Provincial Health Services Authority (PHSA) improves the health of British Columbians by seeking province-wide solutions to specialized health care needs in collaboration with BC health authorities and other partners.
Revised 25 January 2012
Amyloidosis is a term for diseases where there is extracelluar deposition of pathological insoluble fibrillar proteins in organs and tissues. Amyloid deposits stain with Congo red, appearing red microscopically in normal light but apple green when viewed in polarized light. Under electron microscopy amyloid deposits have a characteristic beta-pleated-sheet configuration.
Amyloidosis can be divided into four major subtypes:
Accurate diagnosis of the amyloid and subtype of amyloid is imperative for proper treatment. AL amyloidosis is a plasma cell dyscrasia (neoplasm) closely related to multiple myeloma with an anticipated incidence of 10 to 20 cases per year in BC.
Patients with AL amyloidosis requiring treatment typically receive chemotherapy whereas chemotherapy would be inappropriate for the other subtypes of amyloidosis. Patients with amyloidosis which is not due to light chains (AL) should be referred to appropriate specialists and do not require treatment or follow up at the BCCA. Given the rarity of AL amyloidosis, patients should be discussed with a member of the Leukemia/BMT Program of BC or a medical oncology member of the Lymphoma Tumour Group at one of the BCCA Centres.
The combination of serum and urine immunofixation with serum free light chain assay approaches 100% sensitivity for identifying a monoclonal protein in patients with AL amyloidosis (Palladini, Clin Chem 2009;55;499-504).
Non-AL amyloidosis should be considered even if a monoclonal immunoglobulin protein is found (Lachman, NEJM 2002; 346:1786-1791). The incidence of MGUS increases with age and the monoclonal protein may be a finding which is unrelated to the diagnosis of amyloid. If the subtype of amyloid remains uncertain after clinical and laboratory assessment, consideration should be made for direct testing of the amyloid by mass spectrometry-based proteomic analysis. Genetic testing may be performed on the peripheral blood should familial amyloidosis be suspected. Although testing for transthyretin amyloid is available in British Columbia (Molecular Genetics Laboratory; C & W Health Center of BC), testing for less common familial amyloid requires sending blood samples to reference laboratories. Direct testing of the amyloid deposit by mass spectrometry-based proteomic analysis remain the most accurate test even in this circumstance.If the amyloidosis is found to be associated with a B-cell neoplasm other than myeloma staging evaluation should be performed as appropriate for the lymphoma.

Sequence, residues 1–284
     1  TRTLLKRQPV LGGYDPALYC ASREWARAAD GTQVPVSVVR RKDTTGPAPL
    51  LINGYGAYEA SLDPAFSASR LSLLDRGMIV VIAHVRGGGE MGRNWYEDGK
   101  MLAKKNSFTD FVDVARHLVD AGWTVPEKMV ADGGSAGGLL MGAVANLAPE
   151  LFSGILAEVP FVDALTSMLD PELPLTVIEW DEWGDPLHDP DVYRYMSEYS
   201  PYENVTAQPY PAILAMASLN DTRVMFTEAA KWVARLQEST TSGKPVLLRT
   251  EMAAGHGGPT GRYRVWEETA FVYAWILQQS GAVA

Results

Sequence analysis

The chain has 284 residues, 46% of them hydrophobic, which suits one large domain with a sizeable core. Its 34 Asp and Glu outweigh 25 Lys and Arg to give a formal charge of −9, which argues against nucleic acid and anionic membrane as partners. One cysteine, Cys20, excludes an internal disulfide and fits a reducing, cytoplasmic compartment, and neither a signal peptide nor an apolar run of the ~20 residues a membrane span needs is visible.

Cardiac involvement with amyloid is the major determinant of outcome. Cardiac biomarkers have been used to prognosticate patients and determine appropriateness of therapies (particularly high-dose chemotherapy followed by stem cell rescue) (Dispenzieri, Blood, 2004;104:1881-1887). Using threshold values of Troponin < 0.035μg/L and NT-proBNP < 332 ng/L:
All patients should receive the immunizations recommended in Appendix III.
For older or unfit patients who are not eligible for transplantation, a bortezomib based treatment (UMYMPBOR) (Kastritis J Clin Onc, 2010;28:1031-1037) or melphalan with dexamethasone is used (Palladini Blood, 2004;103:2936-2938). Younger, fit patients (up to approximately 70 years of age) may be offered high dose chemotherapy and autologous hematopoietic stem cell transplant. Such patients should NOT be treated with melphalan prior to stem cell collection as it may affect the ability to collect adequate amounts of stem cells to support transplantation.
The Bone Marrow Transplantation Team offers treatment with high dose chemotherapy and hematopoietic stem cell transplantation to selected patients depending upon the level of organ dysfunction and cardiac involvement (Sanchorawala Blood, 2007;110:3561-3563). Physicians with potentially eligible patients should initiate referral with a member of the Bone Marrow Transplant Team. Induction chemotherapy may be considered with a bortezomib containing regimen (UMYBORPRE) but may not be necessary. Patients who are candidates for high dose chemotherapy and hematopoietic stem cell transplantation should NOT be treated with melphalan or other alkylating agents because this may make it impossible to gather adequate stem cells to support transplantation.
Secondary treatments for recurrent AL amyloid may include the following:
Currently evidence for second line treatment is limited but options remain similar to that available for myeloma. The choice of the timing and order of these drugs must be individualized.
Radiation may be useful for symptomatic focal lesions which will stop progressing if irradiated but often do not regress.
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